Keeping troops fighting fit means preventing and dealing with outbreaks of disease, and each theatre of war brings its own challenges.
Malnutrition and exhaustion played a part in making soldiers susceptible to illness. But poor sanitation and living in close quarters were responsible for the rapid spread of infectious diseases among the troops. Diseases such as typhoid, dysentery and cholera, which could bring down an army as effectively as any weapon.
Florence Nightingale and the Crimean War
Disease had a major impact in the Crimean War (1853 - 1856). In one winter during the war for example, only 9,000 troops were fit to fight, while 23,000 were reported unfit due to sickness.
When Florence Nightingale arrived at the military hospital in Scutari, near Constantinople (now Istanbul), with 38 volunteer nurses, she found the hospital in a dreadful state.
Soldiers lay on the ground in the clothes in which they arrived. Many were malnourished and dehydrated because of water and food shortages. The wounded were mixed in with the infected and open latrines helped to spread infection. If a soldier didn’t have a disease when he arrived, he could certainly catch one at the hospital.
Nightingale believed that sickness among the wounded was largely the result of exhaustion and poor nutrition and set about feeding and tending the wounded. But military surgeon James Barry argued that poor sanitation and bad ventilation were responsible for deaths from infectious disease and criticised Nightingale for not addressing the problem of poor hygiene.
Medical staff had very little influence in the Crimean War, and lacked the influence and resources to run an effective service. But a combination of negative reports in newspapers back home on the plight of the injured and Nightingale's ministerial and Royal support achieved what the doctors could not: it provoked the authorities into action.
In 1855 an official Sanitary Commission arrived in Crimea and, with Nightingale's cooperation, they ensured that toilets and washing facilities were upgraded, ventilation was improved and overcrowding reduced. The mortality rate at the military hospitals went from 41% when Nightingale arrived to 2% by the end of the war.
Influenced by her experience during the Crimean War, Nightingale campaigned for better sanitation in all hospitals when she returned to Britain.
Medical training and research in the military
One of the lessons from the Crimean War (1853–56) was that effective medical provision was not only essential for both morale and wartime propaganda at home, it also made good military sense.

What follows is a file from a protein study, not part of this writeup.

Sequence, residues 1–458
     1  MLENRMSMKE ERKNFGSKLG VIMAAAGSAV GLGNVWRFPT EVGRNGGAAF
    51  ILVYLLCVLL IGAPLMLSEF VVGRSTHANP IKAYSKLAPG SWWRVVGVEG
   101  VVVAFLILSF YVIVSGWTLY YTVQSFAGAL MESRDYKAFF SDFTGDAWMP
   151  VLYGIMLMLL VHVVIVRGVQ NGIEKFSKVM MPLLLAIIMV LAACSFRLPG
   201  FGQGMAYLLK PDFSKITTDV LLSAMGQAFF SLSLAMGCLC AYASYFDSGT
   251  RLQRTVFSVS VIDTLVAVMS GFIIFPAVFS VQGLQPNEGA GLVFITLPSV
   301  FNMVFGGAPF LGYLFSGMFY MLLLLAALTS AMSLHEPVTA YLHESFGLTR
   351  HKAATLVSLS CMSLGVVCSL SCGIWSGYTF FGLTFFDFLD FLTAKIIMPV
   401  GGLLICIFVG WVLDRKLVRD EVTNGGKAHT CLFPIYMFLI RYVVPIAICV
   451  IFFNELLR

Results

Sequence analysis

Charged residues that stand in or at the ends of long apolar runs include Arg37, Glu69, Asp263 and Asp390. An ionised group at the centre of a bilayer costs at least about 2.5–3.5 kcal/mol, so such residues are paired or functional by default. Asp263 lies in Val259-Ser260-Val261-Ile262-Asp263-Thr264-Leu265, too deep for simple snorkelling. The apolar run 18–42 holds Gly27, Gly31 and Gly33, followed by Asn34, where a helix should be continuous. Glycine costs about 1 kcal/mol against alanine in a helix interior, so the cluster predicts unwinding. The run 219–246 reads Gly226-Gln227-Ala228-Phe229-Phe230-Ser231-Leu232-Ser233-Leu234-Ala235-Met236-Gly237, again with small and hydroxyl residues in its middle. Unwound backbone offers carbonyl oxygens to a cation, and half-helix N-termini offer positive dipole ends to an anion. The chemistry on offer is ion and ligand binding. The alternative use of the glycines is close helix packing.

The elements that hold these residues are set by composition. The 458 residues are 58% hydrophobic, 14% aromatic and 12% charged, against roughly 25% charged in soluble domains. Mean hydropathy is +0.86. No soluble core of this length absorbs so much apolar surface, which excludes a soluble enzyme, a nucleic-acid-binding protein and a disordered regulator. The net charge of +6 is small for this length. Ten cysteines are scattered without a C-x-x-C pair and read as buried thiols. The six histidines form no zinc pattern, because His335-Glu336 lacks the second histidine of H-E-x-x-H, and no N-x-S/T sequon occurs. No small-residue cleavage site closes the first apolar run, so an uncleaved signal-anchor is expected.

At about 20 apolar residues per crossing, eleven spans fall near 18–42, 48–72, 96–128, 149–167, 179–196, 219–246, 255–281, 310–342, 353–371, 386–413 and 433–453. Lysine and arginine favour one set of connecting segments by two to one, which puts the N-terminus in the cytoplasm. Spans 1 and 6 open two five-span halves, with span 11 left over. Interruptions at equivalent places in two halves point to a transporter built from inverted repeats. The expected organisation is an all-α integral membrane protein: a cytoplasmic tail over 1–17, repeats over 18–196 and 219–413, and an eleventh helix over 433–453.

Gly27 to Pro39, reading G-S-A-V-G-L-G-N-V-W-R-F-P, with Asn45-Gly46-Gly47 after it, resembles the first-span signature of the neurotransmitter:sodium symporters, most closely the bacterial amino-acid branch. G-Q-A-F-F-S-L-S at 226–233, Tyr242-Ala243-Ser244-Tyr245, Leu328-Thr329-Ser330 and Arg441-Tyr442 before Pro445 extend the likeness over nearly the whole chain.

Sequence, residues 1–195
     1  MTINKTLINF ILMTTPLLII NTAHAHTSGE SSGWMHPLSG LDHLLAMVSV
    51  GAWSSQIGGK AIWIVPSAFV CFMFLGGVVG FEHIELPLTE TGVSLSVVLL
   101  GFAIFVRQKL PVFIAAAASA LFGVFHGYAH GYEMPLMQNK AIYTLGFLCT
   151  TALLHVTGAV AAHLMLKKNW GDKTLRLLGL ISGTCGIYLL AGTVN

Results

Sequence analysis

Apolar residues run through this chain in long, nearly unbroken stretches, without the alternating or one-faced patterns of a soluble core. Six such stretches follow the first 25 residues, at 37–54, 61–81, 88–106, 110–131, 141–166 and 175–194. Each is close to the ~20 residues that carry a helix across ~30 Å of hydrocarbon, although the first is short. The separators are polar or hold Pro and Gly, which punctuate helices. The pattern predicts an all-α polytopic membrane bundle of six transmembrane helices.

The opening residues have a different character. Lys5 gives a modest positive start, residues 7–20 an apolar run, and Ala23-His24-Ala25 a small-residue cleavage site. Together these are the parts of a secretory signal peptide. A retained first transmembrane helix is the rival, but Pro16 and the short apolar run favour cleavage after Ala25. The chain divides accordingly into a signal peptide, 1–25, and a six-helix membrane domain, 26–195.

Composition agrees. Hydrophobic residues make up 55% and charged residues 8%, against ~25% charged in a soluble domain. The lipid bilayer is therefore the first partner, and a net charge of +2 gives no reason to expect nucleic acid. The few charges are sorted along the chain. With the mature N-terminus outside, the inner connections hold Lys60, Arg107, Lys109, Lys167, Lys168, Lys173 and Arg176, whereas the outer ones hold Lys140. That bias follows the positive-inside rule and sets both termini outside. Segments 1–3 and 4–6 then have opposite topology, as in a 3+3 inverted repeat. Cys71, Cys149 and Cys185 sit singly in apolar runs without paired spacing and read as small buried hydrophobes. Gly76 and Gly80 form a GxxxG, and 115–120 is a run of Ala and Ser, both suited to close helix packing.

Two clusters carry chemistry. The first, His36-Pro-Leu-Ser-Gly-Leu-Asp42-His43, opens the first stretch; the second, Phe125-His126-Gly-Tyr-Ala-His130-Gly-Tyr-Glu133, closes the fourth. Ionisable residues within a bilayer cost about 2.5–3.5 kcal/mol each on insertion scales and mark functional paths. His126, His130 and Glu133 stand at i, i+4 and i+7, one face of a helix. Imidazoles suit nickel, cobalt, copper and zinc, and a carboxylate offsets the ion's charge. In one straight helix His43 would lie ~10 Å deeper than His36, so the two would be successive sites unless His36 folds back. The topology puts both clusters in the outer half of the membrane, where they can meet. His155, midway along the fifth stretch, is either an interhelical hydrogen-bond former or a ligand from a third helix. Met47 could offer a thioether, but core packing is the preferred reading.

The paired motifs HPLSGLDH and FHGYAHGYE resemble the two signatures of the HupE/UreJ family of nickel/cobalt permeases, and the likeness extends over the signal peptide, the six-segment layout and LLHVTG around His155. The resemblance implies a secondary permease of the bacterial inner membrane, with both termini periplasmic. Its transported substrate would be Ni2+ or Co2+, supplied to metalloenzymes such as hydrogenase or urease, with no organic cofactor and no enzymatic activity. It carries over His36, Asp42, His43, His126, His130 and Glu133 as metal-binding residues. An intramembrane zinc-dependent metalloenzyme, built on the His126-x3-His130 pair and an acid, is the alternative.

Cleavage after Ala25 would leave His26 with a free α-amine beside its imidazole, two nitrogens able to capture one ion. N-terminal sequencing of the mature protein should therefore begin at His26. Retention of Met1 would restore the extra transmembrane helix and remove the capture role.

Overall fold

In response to that war, the Royal Victoria military hospital was established at Netley, near Southampton. The hospital included an Army Medical School where army doctors were trained for the Army Medical Service and later the Royal Army Medical Corps (RAMC). From 1863 until its closure in 1966, the military hospital became the centre of treatment for troops returning from war.
The laboratories at the Army Medical School also made a valuable contribution to medical research into infectious diseases. Before and during the First World War, it was instrumental in developing vaccines and bacterial antitoxins for typhoid and tetanus.
In the Second World War, new pharmaceuticals such as sulphonamides revolutionised infection treatment. They were dusted into wounds as a powder and also used in tablet form for diseases such as pneumonia.
Once penicillin was found to be an effective antibiotic treatment for infections, laboratory research on large scale production was prioritised in Britain. By 1940, researchers at Oxford university developed a method of mass production, which they took to several pharmaceutical companies in the United States. Once mass production began the US War Production Board drew up a plan for distribution to the Allied troops fighting in Europe. The first penicillin supplies were in the field by 1943.
Antibiotic drugs reduced levels of sepsis and gangrene, and allowed more operations to be carried out in mobile surgical units in the field. Before penicillin, major chest and head surgery was avoided because the patient would have died from infection in any case.
Antibiotics also made a huge difference to treating sexually transmitted infections (STIs) among the troops. STIs had a significant impact on the health and availability of soldiers in both World Wars.
Microbiological and pharmaceutical research transformed military medicine. With mass vaccination in the First World War and antibiotics in the Second World War, fewer soldiers died from infection than from enemy fire.
Suggestions for further research
- Between Flesh and Steel by Richard A Gabriel, Potomac Books, 2013
- War Medicine and Modernity edited by R Cooter, M Harrison and S Sturdy, Sutton Publishing UK, 1998
- Wars, Pestilence and the Surgeon's Blade by T Scotland and S Heys, Helion and Company Ltd, 2013
- Description of a series of watercolour drawings executed by the Late Sir Charles Bell, text by Deputy Inspector General T. Longmore, after 1860 (ebook)
- IBMS History Committee, Health for Heroes - Typhoid Vaccine, 2018 (pdf)
- History of the Royal Army Medical Corps, Museum of Military Medicine (website accessed 2018)